Understanding the capital of Siam

Written by Emmy on 18 June 2011

IMG_1368Bangkok wears its history on the surface, with wats and prangs as plentiful as its shopping malls and pad thai carts. The Thai people demonstrate enormous respect for their past, a fact which became even more evident on our day trip to Ayutthaya on Monday.

Ayutthaya, situated about 70 kilometers north of Bangkok, was the historic seat of Thai power. Beginning in the mid-1300s, kings from five successive dynasties governed the Siamese people from the palaces and temples of Ayutthaya. Sacked by Burma, Siam’s constant enemy, in 1767, Ayutthaya was later abandoned as the capital in favor of a more geographically secure city: Bangkok. Though much of Ayutthaya was destroyed in several battles with the enemy, what remains has been preserved for tourists — Thai and foreigners alike — to come explore.


We began our trip at Bangkok’s major train station, where we were offered the opportunity to pay 20 baht (less than $1) for a third-class ticket to Ayutthaya. We opted to pay a slightly steeper fee in order to enjoy much-needed air conditioning. After a 90-minute trip through the Thai countryside, we arrived in Ayutthaya and made our way to a small pier. The old city is separated from the train station by a narrow river, which must be crossed by boat. We paid a total of 8 baht in order to board what was generously dubbed a ferry.IMG_1409

Once on the other side, we purchased an all-access pass to the many ruins. Fragments of the once glorious temples remain, and though the stone towers and walls are punctuated by overgrown grassy fields, what still stands serves to demonstrate the impeccable craftsmanship that went into building Ayutthaya so many centuries ago.

IMG_1401After all of our touring around, we’ve learned a couple helpful hints to better decipher the temples and ruins of Thailand. For example, a Buddha with the left hand extended means “Stop fighting.”


In Ayutthaya, many of the ancient Buddha statues are still intact, but the majority had their heads cut off by the Burmese invaders, leaving rows and rows of headless bodies. In contrast, one of the most famous Ayutthaya sites is the bodiless head of Buddha, encased in tree roots.


We trooped around the old city, pausing in our historical journey only for a brief lunch of pad see ew and chicken with cashews.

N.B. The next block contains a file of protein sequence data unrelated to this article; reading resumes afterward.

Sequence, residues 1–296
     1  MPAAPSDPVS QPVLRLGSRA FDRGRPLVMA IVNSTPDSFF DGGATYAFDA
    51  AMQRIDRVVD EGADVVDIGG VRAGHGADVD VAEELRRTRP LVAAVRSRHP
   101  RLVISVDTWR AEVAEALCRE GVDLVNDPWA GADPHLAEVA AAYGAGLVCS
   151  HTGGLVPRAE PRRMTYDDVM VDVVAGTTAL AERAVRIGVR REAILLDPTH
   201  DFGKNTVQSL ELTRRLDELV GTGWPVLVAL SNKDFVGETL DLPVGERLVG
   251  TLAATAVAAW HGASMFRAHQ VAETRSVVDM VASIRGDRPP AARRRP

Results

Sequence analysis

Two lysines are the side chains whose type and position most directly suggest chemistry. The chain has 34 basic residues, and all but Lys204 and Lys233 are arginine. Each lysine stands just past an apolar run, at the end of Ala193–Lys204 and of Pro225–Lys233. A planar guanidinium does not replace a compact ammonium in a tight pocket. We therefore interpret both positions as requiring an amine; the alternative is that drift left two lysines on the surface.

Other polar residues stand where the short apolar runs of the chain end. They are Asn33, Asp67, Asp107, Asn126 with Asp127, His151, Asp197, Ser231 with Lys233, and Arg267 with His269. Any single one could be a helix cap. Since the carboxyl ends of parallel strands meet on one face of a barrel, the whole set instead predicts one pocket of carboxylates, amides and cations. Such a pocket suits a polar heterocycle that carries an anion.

Appreciation for the wonders of Ayutthaya is still very fresh in Thai minds. Only recently, excavators discovered a crypt inside on the more majestic temples. I got a little creeped out by the steep, deep staircase, but Chaz went down to check it out for himself. The piles of golden Buddhas and other relics found in the depths of the temple are now on display in Bangkok’s National Museum, which we were able to visit on Wednesday before heading out of the capital.

We walked the entirety of Ayutthaya’s ruins, but caught a glimpse of Thai transportation history: elephants paraded around near the ruins, carrying tourists on their backs.

Toward the end of our day, all the walking began to take its toll. Though we did not board an elephant, we did partake in another feature of Thai life: a tuk-tuk. All week in Bangkok, we kept encountering these strange vehicles. An alternative to taxis, tuk-tuks look almost like golf carts from the front. Some have only a small bench for passengers, while others look like they could seat eight people. In Bangkok, tuk-tuks stopped every time we tried to hail a cab, but we waved them all away, opting for safety and air conditioning. In Ayutthaya, conventional taxis were nowhere to be found and we were a very solid walk from the water. So we hopped into the backseat of a persistent tuk-tuk driver and held on for the bumpy ride. There’s no meter, so we had negotiated a price beforehand. We most definitely paid more than a local would, but for less than $2, not an awful way to travel. Still, we disembarked in agreement that once was enough. (But I have since learned that apparently in Chiang Mai, taxis can be hard to come by and tuk-tuks are the way to go. We’re hopeful the city’s small size will make it easily walkable.)


On our way to the boat, we walked through an open food market: the first signs that Ayutthaya was still a flourishing town of any kind. But just as we were getting into the trenches of the fish display, the sky opened up. Big, dark clouds had begun to emerge in the later part of the afternoon and the moment of monsoon had definitely come. Only problem: we had to cross the river. Putting everything we had with us into my bag and then under my raincoat, we ran for the ferry and made the adventurous crossing.

Despite the insane weather, our little train managed to get us back to Bangkok on a relatively timely schedule, wet, but a bit more cultured.


Leave a Comment

3 Trackbacks / Pingbacks

  1. Absurdity Checkpoint » Blog Archive » From central traffic to northern serenity
  2. Absurdity Checkpoint — Speaking Valenciana
  3. Absurdity Checkpoint — An introduction to Peru